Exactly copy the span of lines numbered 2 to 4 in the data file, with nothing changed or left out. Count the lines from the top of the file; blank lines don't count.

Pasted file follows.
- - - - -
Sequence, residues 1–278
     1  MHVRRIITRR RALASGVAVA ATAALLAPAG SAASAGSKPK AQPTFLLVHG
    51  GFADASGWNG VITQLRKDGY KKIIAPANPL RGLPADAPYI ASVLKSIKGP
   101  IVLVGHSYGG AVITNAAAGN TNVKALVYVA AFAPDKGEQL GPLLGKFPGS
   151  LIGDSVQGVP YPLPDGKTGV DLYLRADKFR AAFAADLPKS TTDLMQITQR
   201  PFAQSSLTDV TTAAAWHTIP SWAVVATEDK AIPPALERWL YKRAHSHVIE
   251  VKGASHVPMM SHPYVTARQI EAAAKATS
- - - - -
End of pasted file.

     1  MHVRRIITRR RALASGVAVA ATAALLAPAG SAASAGSKPK AQPTFLLVHG
    51  GFADASGWNG VITQLRKDGY KKIIAPANPL RGLPADAPYI ASVLKSIKGP
   101  IVLVGHSYGG AVITNAAAGN TNVKALVYVA AFAPDKGEQL GPLLGKFPGS